George Siniska | 12 November 2014  

great piece, bernard. reminds me of the old mauritius. i have a ros kari that stands idle behind my garage. the electric grinder has put the ros kari out of business. happy that we have people like you who keep reminding us of what mauritius was before.

subash gobine | 12 November 2014  

the unbearable witness of stones....baba, mama. what a beautiful telling. merci.

Dead Ned's Head | 13 November 2014  

Mmmmmm! I am salivating! Thank you Bernard for this beautiful evocative piece.

Marie-Rose A | 14 November 2014  

Thank you Bernard, as usual a beautiful piece of writing. You sure know how to bring back memories. We, too, have a ros kari & a baba in the garden, a reminder of the "letan lontan". A little addition to my curries is a leaf of Kaffir Lime, it is worth a try. Thank you again.

Veronique Davy | 14 November 2014  

Such a vivid description, one could actually smell the delicious aroma and feel very hungry. Such beautiful childhood memories, so difficult to recreate.

J Phiniefs | 14 November 2014  

"The house is silent but the kitchen is exploding" - such a powerful fragment of deep memory - thank you for the pleasure of this evocative piece.

cecile yazbek | 15 November 2014  

Yum. As emigrated Mauritians, curry remains our all time favorite dish. Got to stock up on masala when in Mru... I love your writings. They conjure up memories of my childhood. Thanks for sharing!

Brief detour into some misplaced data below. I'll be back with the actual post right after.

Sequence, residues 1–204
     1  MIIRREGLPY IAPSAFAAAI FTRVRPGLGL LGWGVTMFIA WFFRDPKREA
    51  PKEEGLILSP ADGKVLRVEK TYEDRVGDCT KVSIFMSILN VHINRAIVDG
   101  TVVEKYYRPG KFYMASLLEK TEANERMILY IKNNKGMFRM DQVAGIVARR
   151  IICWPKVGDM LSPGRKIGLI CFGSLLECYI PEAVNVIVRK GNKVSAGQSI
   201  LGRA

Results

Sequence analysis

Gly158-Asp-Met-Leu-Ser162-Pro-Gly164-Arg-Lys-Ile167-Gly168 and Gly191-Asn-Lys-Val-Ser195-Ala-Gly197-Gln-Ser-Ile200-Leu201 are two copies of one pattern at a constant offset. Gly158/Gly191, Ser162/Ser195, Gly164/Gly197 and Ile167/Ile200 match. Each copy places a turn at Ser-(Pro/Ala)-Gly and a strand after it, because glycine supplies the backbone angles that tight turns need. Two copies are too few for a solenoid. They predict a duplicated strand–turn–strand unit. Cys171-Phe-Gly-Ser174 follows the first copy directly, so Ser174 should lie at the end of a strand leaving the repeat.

Anick | 19 November 2014  

I loved this piece, and like Marie-Rose, I'm salivating. My mother used to try to make a curry now and then, but it was but a pale echo... And the mention of the Patris: part of my own story. Thank you!

Gillian Bouras | 20 November 2014  

A beautiful inspiring story from the heart. Thank you for allowing us a peek into your family history. I too prefer masala.

Vivian | 23 November 2014  

What a wonderful article! It so beautifully captures the immigrant experience with such a rich focus on the importance of the foods of our childhood and culture. I loved the description of Jessie's preparations. Thank you, Bernard!

Barbara Bartlett | 25 November 2014  

I have been looking for 2 recipes for a long time now. 1. Masala paste. 2. Roti ( manilal) not faratah! I would be infinitely grateful if you could get them for me. Thank you very much. Kindest regards, Josiane.

Josiane Saminaden | 11 February 2015  

Need to purchase the masala stone - where can I get it to buy. Thx.

farida khan | 06 May 2017  

Salut neighbour! What a nostalgic trip back in time... from Brisbane where I now live, got here in 1991 via MK and BA via SQ. After reading you, I can still smell all those afternoon/early evening flavours emanating from our respective houses on Venkatasamy Street... our own Jessie was called Roseline and she is sadly no longer with us, she was quite a vigorous Rodriguan spinster and I believe her roskari skills were up there as well... Interestingly, we visited some Mauritian friends of my parents' near Camberwell, Sydney and I reckon Robert M, the retired Nurse, turns out to be the best and closest replicator of our Jessie-Roseline's combined grinding skills... It's been over 20 years and I memory still remains... Cheers and Best Regards, JV

Jean-Vincent Dubois | 29 January 2018